by Heather Hahn, Dec. 1, 2015, Madison, N.J. (United Methodist News Service).
Just six days before his death, John Wesley roused himself to write one last letter.
(The United Methodist Commission on Archives and History shares its vaults with Drew University, which has John Wesley’s last letter as part of its collection. Photo by Fran Walsh, United Methodist Communications)
The 87-year-old’s goal: To encourage a fellow abolitionist to keep the faith in the fight against slavery.
“O be not weary of well doing!” Methodism’s founder wrote to William Wilberforce, the famed abolitionist in the British Parliament. “Go on, in the name of God and in the power of his might, till even American slavery (the vilest that ever saw the sun) shall vanish away before it.”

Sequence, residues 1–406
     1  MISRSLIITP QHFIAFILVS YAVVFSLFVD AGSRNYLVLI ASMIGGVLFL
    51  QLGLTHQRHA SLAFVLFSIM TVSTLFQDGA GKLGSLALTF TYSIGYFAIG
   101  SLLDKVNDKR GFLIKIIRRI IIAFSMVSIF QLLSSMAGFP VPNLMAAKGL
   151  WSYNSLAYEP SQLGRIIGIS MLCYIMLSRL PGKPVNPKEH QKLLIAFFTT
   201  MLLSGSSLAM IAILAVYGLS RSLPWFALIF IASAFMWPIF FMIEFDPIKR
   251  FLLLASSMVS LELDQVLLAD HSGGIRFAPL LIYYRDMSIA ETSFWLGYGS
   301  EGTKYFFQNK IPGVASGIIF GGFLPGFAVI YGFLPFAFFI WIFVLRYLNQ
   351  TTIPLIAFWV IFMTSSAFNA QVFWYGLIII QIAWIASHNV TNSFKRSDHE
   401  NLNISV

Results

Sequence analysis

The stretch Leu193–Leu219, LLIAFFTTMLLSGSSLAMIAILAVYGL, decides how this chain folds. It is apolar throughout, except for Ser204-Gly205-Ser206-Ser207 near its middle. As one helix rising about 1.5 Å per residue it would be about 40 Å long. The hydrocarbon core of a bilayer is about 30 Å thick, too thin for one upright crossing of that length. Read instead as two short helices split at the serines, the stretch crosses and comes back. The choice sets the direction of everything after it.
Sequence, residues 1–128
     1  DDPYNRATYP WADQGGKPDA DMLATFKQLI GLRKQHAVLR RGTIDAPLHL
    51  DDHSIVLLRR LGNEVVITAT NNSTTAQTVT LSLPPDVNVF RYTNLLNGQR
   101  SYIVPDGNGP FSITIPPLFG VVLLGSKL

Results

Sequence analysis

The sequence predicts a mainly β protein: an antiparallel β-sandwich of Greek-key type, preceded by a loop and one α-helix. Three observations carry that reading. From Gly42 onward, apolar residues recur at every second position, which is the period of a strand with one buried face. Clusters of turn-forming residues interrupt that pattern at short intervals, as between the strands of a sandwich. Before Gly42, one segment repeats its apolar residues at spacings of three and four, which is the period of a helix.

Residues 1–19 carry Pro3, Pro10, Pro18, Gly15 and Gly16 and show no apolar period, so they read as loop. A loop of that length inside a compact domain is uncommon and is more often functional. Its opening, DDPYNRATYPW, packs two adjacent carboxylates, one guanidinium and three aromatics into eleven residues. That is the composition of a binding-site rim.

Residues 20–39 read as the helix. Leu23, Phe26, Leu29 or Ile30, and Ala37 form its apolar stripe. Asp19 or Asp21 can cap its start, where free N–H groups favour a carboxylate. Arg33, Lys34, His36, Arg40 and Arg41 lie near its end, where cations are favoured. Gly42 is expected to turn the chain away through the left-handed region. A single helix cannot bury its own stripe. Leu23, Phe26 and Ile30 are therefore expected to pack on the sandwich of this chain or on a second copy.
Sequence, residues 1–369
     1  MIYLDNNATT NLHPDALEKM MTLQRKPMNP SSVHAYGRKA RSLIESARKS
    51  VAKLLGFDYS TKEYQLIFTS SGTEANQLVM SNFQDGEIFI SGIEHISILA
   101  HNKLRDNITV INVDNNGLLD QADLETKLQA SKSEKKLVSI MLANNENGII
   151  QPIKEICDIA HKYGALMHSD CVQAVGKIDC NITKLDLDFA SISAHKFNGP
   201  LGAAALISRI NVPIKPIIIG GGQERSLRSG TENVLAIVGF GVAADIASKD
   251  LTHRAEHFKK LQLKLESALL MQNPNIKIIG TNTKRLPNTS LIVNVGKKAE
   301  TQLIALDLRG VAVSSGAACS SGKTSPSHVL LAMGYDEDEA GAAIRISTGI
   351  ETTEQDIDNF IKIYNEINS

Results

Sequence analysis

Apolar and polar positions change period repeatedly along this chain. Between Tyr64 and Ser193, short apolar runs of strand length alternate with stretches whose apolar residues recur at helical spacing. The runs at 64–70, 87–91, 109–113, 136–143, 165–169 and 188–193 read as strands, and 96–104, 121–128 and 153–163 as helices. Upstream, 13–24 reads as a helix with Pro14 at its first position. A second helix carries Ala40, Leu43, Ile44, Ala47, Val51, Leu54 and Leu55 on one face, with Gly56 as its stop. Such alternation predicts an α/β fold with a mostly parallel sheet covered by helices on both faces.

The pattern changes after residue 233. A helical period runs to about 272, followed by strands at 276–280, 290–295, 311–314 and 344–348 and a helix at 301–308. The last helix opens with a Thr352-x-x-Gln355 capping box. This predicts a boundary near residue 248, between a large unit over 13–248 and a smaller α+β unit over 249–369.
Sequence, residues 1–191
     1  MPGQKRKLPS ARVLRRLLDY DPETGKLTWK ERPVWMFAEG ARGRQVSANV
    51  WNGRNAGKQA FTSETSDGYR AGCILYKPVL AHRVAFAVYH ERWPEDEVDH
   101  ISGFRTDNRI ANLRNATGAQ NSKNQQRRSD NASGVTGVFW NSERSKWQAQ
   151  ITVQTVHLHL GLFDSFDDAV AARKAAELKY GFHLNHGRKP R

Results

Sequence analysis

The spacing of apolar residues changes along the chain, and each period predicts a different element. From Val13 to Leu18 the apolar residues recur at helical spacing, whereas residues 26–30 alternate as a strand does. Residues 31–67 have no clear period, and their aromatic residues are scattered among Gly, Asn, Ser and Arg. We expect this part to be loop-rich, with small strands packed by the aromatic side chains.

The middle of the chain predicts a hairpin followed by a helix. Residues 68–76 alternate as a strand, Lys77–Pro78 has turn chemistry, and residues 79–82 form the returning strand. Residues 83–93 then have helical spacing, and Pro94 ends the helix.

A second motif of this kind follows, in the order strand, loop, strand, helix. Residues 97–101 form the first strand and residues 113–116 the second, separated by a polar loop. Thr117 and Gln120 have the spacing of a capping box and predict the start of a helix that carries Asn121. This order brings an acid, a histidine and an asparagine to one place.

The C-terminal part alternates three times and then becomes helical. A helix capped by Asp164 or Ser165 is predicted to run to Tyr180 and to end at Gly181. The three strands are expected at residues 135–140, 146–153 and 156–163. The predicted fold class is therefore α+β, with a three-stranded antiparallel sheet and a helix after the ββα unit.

Wesley’s original letter is one of the treasures preserved in the vaults of the United Methodist Commission on Archives and History. The agency, housed at United Methodist-related Drew University, offers materials — like that letter — that connect church members with their Wesleyan heritage.
“We’re the family album of The United Methodist Church,” said the Rev. Alfred T. Day III, the top executive of Archives and History since 2014…